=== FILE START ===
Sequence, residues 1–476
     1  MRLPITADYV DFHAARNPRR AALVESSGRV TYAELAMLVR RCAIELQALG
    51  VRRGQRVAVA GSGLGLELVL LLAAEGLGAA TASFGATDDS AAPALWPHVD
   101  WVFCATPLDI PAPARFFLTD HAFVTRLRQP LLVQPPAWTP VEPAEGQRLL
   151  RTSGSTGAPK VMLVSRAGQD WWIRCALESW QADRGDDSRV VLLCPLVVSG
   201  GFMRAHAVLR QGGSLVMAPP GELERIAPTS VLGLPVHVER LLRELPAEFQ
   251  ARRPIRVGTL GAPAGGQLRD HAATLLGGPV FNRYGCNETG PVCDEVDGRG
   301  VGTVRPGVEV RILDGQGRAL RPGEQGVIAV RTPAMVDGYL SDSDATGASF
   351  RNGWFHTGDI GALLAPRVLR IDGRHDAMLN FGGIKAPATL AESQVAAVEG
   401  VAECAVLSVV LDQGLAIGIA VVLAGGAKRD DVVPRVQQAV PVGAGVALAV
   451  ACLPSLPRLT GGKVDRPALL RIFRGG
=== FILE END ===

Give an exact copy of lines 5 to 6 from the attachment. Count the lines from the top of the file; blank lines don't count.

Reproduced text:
   151  RTSGSTGAPK VMLVSRAGQD WWIRCALESW QADRGDDSRV VLLCPLVVSG
   201  GFMRAHAVLR QGGSLVMAPP GELERIAPTS VLGLPVHVER LLRELPAEFQ